Things to consider when anchoring with helpful tips
There is an old expression used by ancient mariners. “The Anchor holds the chain, the chain holds the ship.”
How does 15kg of anchor hold 2/3 tonnes of boat?
The answer, friction and catenary. The anchor digs into the seabed and secures the end of the chain/warp. The friction and catenary effect of the chain/warp does the actual holding.
To get the maximum hold the anchor must be lowered, ‘hand over hand’ until it touches the bottom, then as the boat reverses, the chain or warp is paid out in a straight line. A pile of chain on the seabed does not exert the same holding power. It can actually ‘foul’ the anchor and allow it to drag.
Tricks of the trade
In order to be able to anchor safely there are a couple of useful ratios you need to know.
1) Anchoring with CHAIN a Length to Depth ratio of 3:1 at high tide.
2) Multiplait Nylon WARP - Length to Depth ratio of 6:1 at high tide.
What is the actual maximum depth of water I can anchor in?
The industry standard amount of chain that most boats are supplied with is 30 meters.
You are therefore limited to anchorages of less than 10 meters (at high tide).
There is also a minimum depth to consider. Do you want to float at low tide?
The simplest way to pick a suitable anchorage is by using a chart and some tide tables.
The hydrographer has spent a huge amount of time and money in accurately surveying both the depths of water and the nature of the seabed.
You can pick a spot that will give you the correct depths and select the right anchor for the bottom.
What you need to consider when choosing a suitable anchorage
How do I check if I’m dragging?
There are a couple of methods,
- By visual comparison.
- Take bearings.
- By Echo sounder, set a depth alarm.
- By GPS, note your position and check it regularly.
- Feel the chain, a dragging anchor will transmit vibration up the chain.
Weather… is it going to be settled? Is the wind going to change?
Get a forecast and listen to your VHF/DSC Radio for Coastguard updates on Channel 16.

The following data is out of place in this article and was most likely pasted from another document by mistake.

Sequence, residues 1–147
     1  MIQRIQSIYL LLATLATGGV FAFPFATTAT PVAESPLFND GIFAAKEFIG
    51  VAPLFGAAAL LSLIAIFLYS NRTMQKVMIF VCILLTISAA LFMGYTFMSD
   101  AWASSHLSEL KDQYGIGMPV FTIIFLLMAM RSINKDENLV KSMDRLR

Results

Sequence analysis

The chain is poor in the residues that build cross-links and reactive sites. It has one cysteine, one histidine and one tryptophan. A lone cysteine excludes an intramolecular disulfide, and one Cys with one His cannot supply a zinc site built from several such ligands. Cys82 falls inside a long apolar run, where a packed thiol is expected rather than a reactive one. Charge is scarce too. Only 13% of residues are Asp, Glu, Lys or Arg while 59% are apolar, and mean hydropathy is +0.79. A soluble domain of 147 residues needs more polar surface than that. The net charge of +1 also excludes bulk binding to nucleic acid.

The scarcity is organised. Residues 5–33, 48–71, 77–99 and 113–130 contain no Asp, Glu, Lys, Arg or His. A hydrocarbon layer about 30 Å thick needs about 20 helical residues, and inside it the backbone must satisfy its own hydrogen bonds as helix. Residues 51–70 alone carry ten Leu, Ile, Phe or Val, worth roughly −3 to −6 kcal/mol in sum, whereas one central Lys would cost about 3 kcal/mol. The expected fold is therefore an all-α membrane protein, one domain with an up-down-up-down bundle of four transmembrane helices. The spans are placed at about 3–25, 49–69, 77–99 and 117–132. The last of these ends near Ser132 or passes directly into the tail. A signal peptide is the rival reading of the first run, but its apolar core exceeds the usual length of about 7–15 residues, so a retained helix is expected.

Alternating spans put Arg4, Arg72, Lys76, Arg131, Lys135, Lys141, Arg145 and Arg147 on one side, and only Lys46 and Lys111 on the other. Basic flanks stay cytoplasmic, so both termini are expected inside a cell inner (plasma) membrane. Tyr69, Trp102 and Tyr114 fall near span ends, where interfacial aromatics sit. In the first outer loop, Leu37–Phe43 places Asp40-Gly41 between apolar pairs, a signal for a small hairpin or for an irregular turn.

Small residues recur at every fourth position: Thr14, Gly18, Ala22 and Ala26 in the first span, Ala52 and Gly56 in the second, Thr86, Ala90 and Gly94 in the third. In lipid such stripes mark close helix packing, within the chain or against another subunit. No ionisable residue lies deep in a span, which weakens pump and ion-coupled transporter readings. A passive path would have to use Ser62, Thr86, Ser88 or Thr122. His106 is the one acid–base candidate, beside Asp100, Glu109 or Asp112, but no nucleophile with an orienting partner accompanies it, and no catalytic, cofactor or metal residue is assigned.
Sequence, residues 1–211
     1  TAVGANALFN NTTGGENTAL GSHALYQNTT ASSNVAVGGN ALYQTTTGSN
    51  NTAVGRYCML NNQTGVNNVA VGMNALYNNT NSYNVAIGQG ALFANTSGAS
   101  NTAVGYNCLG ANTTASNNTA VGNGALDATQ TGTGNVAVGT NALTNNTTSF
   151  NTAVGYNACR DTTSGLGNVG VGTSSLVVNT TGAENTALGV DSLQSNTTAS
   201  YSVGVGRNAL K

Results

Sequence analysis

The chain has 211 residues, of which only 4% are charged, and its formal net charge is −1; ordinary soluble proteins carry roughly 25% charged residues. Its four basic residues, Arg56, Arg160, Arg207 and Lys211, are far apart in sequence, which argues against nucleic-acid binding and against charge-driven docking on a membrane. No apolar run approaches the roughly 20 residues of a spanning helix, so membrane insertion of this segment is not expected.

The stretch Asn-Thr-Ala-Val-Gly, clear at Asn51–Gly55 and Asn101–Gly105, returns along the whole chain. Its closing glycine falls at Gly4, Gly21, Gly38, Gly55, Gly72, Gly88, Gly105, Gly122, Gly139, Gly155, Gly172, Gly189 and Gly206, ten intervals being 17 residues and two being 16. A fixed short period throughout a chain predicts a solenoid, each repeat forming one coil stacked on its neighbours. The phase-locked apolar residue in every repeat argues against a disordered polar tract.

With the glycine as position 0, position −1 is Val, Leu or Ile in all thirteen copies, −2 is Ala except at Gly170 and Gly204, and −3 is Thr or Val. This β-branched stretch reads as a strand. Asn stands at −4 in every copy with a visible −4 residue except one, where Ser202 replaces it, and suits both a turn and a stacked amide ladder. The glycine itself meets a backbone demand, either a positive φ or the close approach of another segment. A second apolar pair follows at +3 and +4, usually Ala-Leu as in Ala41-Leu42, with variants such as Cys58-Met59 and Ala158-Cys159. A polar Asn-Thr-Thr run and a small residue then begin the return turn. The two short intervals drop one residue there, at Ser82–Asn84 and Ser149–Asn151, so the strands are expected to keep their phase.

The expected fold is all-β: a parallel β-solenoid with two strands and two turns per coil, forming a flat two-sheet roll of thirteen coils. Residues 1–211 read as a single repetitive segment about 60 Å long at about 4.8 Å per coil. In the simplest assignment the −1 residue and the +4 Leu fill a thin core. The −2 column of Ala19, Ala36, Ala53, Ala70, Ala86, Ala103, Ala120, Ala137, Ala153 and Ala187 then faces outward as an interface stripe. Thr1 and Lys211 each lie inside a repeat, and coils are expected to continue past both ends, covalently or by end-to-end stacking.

Do I need to buoy the anchor?
If there is any possibility of snagging rocks, wrecks of other hazards, attach a buoy to the ‘crown’ of the anchor so you can pull if out from an opposing direction, so tripping off any hazard. It is also useful to know where your anchor is. You can motor towards it so taking some of the weight off. The crew can pull up the chain, not the full weight of the boat.
Is there another option, just in case?
Check your chart for other spots with the correct sounding so you could move if required.
Is there enough room to swing around?
If you put out 30 meters, your turning scope will be that, minus the depth of water.
What type of anchor should I use?
It is always good seamanship to carry TWO anchors. Nice to have a spare! It is also good practice to carry two different types to improve your ability to match the anchor to the nature of the seabed or vary your anchoring technique.
What about WARP rope?
If you decide to use rope/warp instead of chain it is best to use Nylon Multiplait. This will stretch up to 30% of its own length, so will allow some ‘shock absorbing’ in big waves. It is also good seamanship to use 10 meters of chain between the anchor and the multiplait.
- Make sure to grease all shackles so you can undo them. Then, ‘mouse them’ using plastic cable ties to stop the pin accidentally undoing.
- Mark your chain/warp every five meters so you can gauge the amount you have put out.
- Don’t be afraid to experiment... in rivers, put out two anchors. One from the bow, the other from the stern. In heavy wind, put out two anchors from the bow at around 45 degrees - Double the anchors, double the safety.